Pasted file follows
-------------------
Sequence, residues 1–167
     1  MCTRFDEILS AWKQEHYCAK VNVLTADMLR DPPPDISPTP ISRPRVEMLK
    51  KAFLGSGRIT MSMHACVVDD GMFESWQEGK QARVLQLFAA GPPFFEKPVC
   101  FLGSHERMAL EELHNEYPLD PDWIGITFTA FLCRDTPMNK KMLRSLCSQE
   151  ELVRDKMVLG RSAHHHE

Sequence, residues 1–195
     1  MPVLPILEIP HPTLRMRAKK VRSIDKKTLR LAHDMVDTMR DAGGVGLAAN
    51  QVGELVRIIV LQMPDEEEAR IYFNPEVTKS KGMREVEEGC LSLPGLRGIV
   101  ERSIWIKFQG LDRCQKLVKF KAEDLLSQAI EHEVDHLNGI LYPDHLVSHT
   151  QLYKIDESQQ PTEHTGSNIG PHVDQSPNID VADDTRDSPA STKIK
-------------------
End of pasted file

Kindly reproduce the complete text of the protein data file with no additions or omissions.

Sequence, residues 1–167
     1  MCTRFDEILS AWKQEHYCAK VNVLTADMLR DPPPDISPTP ISRPRVEMLK
    51  KAFLGSGRIT MSMHACVVDD GMFESWQEGK QARVLQLFAA GPPFFEKPVC
   101  FLGSHERMAL EELHNEYPLD PDWIGITFTA FLCRDTPMNK KMLRSLCSQE
   151  ELVRDKMVLG RSAHHHE

Sequence, residues 1–195
     1  MPVLPILEIP HPTLRMRAKK VRSIDKKTLR LAHDMVDTMR DAGGVGLAAN
    51  QVGELVRIIV LQMPDEEEAR IYFNPEVTKS KGMREVEEGC LSLPGLRGIV
   101  ERSIWIKFQG LDRCQKLVKF KAEDLLSQAI EHEVDHLNGI LYPDHLVSHT
   151  QLYKIDESQQ PTEHTGSNIG PHVDQSPNID VADDTRDSPA STKIK